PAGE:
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Shout Factory presents

Dodger Blue: The Championship Years (2005)

"I don't believe what I just saw!" - Jack Buck, calling Kirk Gibson's Game 1 home run in the 1988 World Series

Stars: Jackie Robinson, Sandy Koufax, Kirk Gibson, Fernando Valenzuela, Orel Hershiser, Tommy Lasorda
Other Stars: Charley Steiner
MPAA Rating: Not RatedRun Time: 01h:06m:08s
Release Date: 2005-05-17
Genre: sports

Image Transfer
Audio Transfer


DVD Review

It tells you all you need to know about the geographic distribution and sports affinities of dOc reviewers that I, a Mets fan raising a Yankees fan, was deputized to review this history of the Dodgers. And in the interest of full disclosure, I should relate that my father grew up in Brooklyn, a Dodgers fan; to this day he is unforgiving about his team's move west, and his short list of the monsters of the twentieth century is headed by Hitler, Stalin and Walter O'Malley. Such sentiments have no place here, however, for this is a documentary for those who bleed Dodger blue. It's a rah rah look at the franchise and its world championships, a celebration of its traditions, and a canonization of the greatest players and managers in the history of the organization.

It's all about the rings here, so the action begins in 1955, when the Brooklyn Dodgers, after years of futility at the hands of the Yankees, finally vanquished the team from the Bronx in the World Series. The movie is heavy on interview clips with players from the time, including Duke Snider, Pee Wee Reese and Roger Craig; also paying their respects are Yankees Whitey Ford and Yogi Berra; and there are a few well-chosen words from Roger Kahn, sportswriter and author of The Boys of Summer, maybe the best baseball book ever written. (Curiously, very little time and attention is given to inarguably the most important player in the history of the franchise, and perhaps in all of baseball, and one of the Americans without whom the history of the twentieth century could not be written: Jackie Robinson.) O'Malley pulled up stakes, and the next year of glory is 1959, with the World Series played against the White Sox in the cavernous Los Angeles Coliseum; Chavez Ravine was the site of the next championship, 1963, over those damn Yankees again, and this time the emphasis is on the two legendary pitchers at the front of the rotation: Sandy Koufax and Don Drysdale. Among those paying their respects to Koufax are Willie Mays, Harmon Killebrew, Jim Palmer, Joe Torre and Juan Marichal; Koufax may well be the most dominant pitcher of all time, for a brief run of years, and Drysdale made for a hell of a second.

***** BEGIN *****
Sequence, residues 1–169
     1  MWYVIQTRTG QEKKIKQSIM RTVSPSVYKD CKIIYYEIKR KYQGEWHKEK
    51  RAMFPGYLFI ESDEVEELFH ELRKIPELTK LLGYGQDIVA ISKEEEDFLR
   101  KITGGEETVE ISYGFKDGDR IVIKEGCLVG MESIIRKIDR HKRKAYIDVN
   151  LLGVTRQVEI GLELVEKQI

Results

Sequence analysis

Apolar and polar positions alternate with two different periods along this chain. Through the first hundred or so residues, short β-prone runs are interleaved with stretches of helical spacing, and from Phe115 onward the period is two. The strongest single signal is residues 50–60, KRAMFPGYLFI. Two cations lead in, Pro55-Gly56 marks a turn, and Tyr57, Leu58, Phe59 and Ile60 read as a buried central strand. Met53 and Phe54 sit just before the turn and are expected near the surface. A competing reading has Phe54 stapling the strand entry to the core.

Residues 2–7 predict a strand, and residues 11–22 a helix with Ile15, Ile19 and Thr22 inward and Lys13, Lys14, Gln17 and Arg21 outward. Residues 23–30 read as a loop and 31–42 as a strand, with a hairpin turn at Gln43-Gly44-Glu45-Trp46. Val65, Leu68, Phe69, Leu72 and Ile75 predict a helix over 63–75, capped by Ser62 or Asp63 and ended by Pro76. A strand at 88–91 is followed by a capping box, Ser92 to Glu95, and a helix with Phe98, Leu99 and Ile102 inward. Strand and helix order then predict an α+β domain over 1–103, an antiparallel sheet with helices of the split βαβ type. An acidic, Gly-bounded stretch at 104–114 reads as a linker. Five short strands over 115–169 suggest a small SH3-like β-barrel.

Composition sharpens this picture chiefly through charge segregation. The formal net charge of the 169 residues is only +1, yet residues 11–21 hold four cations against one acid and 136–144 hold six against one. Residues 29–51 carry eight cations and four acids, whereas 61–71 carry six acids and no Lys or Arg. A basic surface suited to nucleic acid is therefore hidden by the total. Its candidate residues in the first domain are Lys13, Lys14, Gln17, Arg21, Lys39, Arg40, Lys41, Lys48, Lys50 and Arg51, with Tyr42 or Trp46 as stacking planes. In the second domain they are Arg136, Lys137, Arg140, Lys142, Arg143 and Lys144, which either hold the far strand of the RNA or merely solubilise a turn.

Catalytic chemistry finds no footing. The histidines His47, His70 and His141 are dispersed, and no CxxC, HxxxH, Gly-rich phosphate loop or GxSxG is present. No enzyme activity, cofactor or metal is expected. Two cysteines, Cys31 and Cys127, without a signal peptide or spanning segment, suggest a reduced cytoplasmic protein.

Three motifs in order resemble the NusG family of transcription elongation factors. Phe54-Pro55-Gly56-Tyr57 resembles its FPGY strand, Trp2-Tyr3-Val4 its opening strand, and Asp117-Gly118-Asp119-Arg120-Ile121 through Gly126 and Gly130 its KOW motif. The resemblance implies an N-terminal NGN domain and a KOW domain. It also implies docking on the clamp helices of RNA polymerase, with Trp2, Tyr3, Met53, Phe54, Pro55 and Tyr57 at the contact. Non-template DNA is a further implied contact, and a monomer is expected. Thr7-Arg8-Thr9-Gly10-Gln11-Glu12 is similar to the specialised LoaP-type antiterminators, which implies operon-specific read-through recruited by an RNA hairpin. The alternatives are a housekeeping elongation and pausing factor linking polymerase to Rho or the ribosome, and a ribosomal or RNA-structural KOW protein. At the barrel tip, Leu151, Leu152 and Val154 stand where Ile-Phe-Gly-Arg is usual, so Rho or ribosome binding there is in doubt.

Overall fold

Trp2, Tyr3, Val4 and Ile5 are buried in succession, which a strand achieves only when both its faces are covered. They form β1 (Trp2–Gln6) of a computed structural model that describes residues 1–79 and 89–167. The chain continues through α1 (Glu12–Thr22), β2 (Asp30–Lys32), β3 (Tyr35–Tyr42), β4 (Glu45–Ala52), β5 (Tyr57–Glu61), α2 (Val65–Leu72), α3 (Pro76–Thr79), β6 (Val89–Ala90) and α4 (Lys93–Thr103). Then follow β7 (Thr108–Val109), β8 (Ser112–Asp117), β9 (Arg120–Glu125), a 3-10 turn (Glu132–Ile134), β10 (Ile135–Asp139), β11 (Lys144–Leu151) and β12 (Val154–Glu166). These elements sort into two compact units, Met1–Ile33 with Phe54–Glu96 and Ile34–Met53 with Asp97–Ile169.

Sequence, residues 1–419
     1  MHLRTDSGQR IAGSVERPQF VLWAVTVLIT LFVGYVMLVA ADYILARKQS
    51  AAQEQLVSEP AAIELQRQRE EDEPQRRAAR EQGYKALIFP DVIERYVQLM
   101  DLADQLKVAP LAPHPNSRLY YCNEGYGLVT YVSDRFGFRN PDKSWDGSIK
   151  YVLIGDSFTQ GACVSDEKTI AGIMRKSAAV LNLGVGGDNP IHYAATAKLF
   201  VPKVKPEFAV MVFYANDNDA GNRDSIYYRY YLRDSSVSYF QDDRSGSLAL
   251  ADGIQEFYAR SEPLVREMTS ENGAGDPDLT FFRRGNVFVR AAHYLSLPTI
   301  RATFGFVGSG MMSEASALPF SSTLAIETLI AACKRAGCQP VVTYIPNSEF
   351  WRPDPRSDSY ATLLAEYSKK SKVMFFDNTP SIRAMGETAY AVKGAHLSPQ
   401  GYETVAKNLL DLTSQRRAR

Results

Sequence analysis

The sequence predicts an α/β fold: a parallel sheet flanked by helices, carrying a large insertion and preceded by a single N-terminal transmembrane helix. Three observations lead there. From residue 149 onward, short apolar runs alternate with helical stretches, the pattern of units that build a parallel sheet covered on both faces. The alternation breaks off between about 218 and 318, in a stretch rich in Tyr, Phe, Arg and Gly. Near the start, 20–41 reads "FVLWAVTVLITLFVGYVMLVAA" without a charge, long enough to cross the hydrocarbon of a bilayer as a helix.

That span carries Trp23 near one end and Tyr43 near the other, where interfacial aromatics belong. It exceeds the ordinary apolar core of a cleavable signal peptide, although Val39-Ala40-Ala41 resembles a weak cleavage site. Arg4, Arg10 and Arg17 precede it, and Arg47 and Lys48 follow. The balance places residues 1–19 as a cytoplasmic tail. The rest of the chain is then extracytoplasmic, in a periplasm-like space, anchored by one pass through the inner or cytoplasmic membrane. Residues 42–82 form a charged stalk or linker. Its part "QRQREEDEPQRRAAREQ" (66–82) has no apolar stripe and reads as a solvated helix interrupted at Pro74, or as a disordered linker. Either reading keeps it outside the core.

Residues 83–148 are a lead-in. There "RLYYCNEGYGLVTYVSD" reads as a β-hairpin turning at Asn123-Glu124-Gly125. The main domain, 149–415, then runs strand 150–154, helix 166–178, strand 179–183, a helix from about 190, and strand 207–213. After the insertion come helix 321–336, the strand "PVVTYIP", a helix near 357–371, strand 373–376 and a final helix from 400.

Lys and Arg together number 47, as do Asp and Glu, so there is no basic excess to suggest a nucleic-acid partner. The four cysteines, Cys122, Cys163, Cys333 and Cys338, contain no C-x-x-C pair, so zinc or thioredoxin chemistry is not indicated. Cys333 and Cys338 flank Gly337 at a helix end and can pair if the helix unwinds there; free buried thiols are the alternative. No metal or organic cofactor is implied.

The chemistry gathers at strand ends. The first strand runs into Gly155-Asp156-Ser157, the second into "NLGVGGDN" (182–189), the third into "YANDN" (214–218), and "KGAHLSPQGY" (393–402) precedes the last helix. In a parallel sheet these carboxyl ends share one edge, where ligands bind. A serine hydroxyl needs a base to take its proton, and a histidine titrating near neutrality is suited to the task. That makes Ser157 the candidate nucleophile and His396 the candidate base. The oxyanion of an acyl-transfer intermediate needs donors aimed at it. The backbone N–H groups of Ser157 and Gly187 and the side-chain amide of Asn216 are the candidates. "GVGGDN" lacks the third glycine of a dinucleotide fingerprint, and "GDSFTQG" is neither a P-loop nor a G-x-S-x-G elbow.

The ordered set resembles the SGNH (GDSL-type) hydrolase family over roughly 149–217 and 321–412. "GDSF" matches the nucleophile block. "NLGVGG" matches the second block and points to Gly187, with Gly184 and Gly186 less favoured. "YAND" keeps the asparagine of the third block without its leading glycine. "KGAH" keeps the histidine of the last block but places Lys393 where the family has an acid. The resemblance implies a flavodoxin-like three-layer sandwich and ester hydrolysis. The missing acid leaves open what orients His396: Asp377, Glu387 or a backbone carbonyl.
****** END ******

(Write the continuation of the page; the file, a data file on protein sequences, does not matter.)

Jump ahead to the 1970s, with the longtime Dodger infield: Steve Garvey at first, Davey Lopes at second, Bill Russell at short, Ron Cey at third. (The Penguin was always my favorite Dodger.) This is supposed to be a look at world championships, but the documentary cheats a little, with bits on the pennant-winning Dodgers who lost in the fall classic in 1974 (to Oakland), 1977 and 1978 (both times to the Yankees—Reg-GIE!). Almost as lionized as Koufax is Tommy Lasorda; then we're on to more championships, with Fernando-mania in 1981, and Orel Hershiser's astounding streak of scoreless innings in 1988, a postseason capped by Kirk Gibson's shot off of Eckersley. (I am still deeply bitter about Mike Scioscia's home run in the N.L. playoffs, a shot which spelled doom for my Mets.) Even if you're not a Dodger fan, you have to admit that Gibson's home run and the sight of him gimping around the base paths and pumping his fists is a pretty amazing moment.

Charley Steiner, the newest member of the Dodgers broadcast team, narrates, and while he's perfectly serviceable, he feels a little generic; part of that is because he was broadcasting Yankee games as recently as last year, but even more, it's because one of those interviewed here has been for decades the voice of the Dodger franchise: Vin Scully. The quick whip through the years since the 1988 World Series victory is energetic, but it's not much of a sales job—a bunch of Rookie of the Year awards and Paul Lo Duca going six for six isn't really a substitute for championships. The audience for a project like this is obviously self-selecting, and if you're a diehard Dodger fan, you won't be disappointed. 

Rating for Style: B
Rating for Substance: B


Image Transfer

Aspect Ratio1.33:1 - Full Frame
Original Aspect Ratioyes

Image Transfer Review: The transfer itself looks fine, but there's one major visual annoyance: the Major League Baseball logo is in the top right corner of the screen for the run of the documentary. Branding is one thing, but this seems a little out of hand.

Image Transfer Grade: C+

Audio Transfer

 LanguageRemote Access
DS 2.0English, Spanishyes
Dolby Digital
English, Spanishyes

Audio Transfer Review: It all sounds clear enough, whether your preference is 5.1 or 2.0, English or Spanish; the archival clips look great, but sound a little ragged.

Audio Transfer Grade: B+ 

Disc Extras

Full Motion menu with music
Scene Access with 10 cues and remote access
2 Other Trailer(s) featuring History of Soccer, Warren Miller: Journey Through the Decades
1 Documentaries
2 Featurette(s)
Packaging: Amaray
Picture Disc
1 Disc
1-Sided disc(s)
Layers: single

Extras Review: Footage of the Baseball Hall of Fame induction ceremonies for three all-time Dodgers are included—they're for Lasorda (16m:00s), Drysdale (08m:04s), and Duke Snider (10m:42s). Of course it's always lovely to have a chance to see Bowie Kuhn again, but these seem like an arbitrary threesome—notably absent are Koufax and Robinson.

Extras Grade: C

Final Comments

You can't quite smell the peanuts and Dodger dogs, but then, you don't have to fight the L.A. traffic, either—a fond look back over the high moments of the last fifty years of the Dodger franchise. 

Jon Danziger 2005-05-18